Jeff Guldner, the CEO of Pinnacle West and Arizona Public Service, said on a recent earnings call that support from several commissioners for a 100% clean energy standard by 2050 is "aligned with our clean energy commitment, and I think that's a good sign for the future of clean energy in Arizona."
But there are sticking points among people inside and outside the commission, especially around renewables and energy efficiency.
"While setting sweeping and comprehensive energy policies can be instrumental to driving economic development for the state, it can also be disastrous by driving up costs for potentially thousands of Arizonans," Commissioner Lea Márquez Peterson (R) said in a letter dated March 20.
She has sought a policy statement that would call for 100% clean energy by 2050 based on affordability, reliability and sustainability. That could help guide pending administrative rules, though it's not clear that any such policy statement will be approved. Márquez Peterson is on the ballot this year.
Commissioner Boyd Dunn (R), who has been disqualified from this year's ballot, expressed interest at a workshop in March for getting to all clean energy in the future.
Commissioner Justin Olson (R) has stressed a need to protect ratepayers, citing costs tied to an earlier renewable energy mandate from the commission.
"We can increase our renewable energy deployment in our state and do it in a way that protects the ratepayers by saying that our utilities need to invest in the most cost-effective method of generating electricity," Olson said in an interview.
State regulators are also facing external pressure.
Stacey Champion, a consumer advocate who has done work for renewable energy clients at her public relations and communications firm, said Arizona should be more aggressive than a 50% renewables standard and 35% energy efficiency requirement by 2030. She also criticized a recent commission decision to allow refunds of certain unspent energy efficiency funds, which she said could have benefited low-income customers in the longer term.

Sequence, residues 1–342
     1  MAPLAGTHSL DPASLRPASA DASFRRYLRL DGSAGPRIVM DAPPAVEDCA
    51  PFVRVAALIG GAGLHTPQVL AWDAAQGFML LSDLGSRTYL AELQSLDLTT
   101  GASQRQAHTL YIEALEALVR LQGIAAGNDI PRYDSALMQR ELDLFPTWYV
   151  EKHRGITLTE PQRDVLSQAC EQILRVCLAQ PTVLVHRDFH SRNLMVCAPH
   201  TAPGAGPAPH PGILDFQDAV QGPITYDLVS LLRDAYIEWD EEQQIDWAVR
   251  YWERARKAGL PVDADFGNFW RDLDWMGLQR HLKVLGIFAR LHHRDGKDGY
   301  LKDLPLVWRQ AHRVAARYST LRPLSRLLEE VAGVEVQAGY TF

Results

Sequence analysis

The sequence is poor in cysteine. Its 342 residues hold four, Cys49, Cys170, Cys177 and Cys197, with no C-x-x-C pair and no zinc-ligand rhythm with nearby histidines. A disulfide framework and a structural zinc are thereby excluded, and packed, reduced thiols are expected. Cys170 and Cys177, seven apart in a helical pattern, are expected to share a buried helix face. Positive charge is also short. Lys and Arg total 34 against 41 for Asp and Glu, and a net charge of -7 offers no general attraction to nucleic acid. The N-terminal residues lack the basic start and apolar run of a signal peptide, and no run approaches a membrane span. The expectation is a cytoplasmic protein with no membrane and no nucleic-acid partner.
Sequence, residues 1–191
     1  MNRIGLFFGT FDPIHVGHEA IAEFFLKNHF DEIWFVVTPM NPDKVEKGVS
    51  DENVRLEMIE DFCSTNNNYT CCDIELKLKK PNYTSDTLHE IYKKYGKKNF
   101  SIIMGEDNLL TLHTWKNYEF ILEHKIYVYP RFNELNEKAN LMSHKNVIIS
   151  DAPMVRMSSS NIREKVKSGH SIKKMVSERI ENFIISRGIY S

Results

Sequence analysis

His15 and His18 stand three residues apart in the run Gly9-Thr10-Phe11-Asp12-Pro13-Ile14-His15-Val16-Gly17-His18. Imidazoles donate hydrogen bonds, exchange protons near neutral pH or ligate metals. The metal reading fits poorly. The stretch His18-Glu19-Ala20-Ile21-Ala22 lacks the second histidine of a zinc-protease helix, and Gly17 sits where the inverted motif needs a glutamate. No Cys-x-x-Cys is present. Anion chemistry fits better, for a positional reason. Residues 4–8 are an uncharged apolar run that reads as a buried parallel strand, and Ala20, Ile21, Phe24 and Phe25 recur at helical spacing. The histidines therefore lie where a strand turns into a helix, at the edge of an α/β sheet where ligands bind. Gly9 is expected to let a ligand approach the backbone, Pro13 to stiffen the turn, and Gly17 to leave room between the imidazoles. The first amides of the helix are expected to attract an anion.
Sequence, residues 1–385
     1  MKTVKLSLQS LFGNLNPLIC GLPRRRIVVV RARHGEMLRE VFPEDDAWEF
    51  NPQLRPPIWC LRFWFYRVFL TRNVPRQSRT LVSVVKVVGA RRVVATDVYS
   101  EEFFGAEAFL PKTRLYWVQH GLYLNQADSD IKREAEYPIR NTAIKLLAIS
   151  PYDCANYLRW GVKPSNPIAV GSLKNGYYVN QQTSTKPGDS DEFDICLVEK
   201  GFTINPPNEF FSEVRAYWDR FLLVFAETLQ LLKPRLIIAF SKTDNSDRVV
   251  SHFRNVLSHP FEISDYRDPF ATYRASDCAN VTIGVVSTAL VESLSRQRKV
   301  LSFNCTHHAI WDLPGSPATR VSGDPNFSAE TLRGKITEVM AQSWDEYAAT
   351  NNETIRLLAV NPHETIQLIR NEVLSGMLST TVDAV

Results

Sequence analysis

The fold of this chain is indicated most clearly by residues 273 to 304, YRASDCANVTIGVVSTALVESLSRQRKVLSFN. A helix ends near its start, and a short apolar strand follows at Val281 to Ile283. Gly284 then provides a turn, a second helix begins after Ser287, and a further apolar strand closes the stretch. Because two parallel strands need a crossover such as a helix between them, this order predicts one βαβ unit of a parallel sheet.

"All of the short-term goals are as, if not more, important than setting long-term goals, because otherwise, it's just a press release and not necessarily attainable," she said.
Counting on nuclear
Biden's stance carries a big environmental top line with a long lead time — a clean energy economy by 2050.
The former vice president has said he's open to looking at the role of nuclear and other fuels in the electricity sector — a point that differentiates him from Sanders' earlier pitch for 100% renewables for power by 2030.
"To address the climate emergency threatening our communities, economy, and national security, we must look at all low- and zero-carbon technologies," Biden's campaign website declares. The site says he will support a research agenda "to look at issues, ranging from cost to safety to waste disposal systems, that remain an ongoing challenge with nuclear power today."
Arizona is already plotting that course.
Although renewables generate a lot of discussion, the Palo Verde Generating Station, a nuclear power plant west of Phoenix, remains a critical part of Arizona's generation mix.
Arizona Public Service says Palo Verde, which it operates, "has been the nation's largest power producer of any kind for more than 25 years — all of it clean and carbon-free." It calls the plant the heart of its generation fleet.
Stafford with Western Resource Advocates said nuclear generation is considered clean because it doesn't emit carbon. He called Palo Verde "a pretty good, solid generating source of clean energy that we should keep."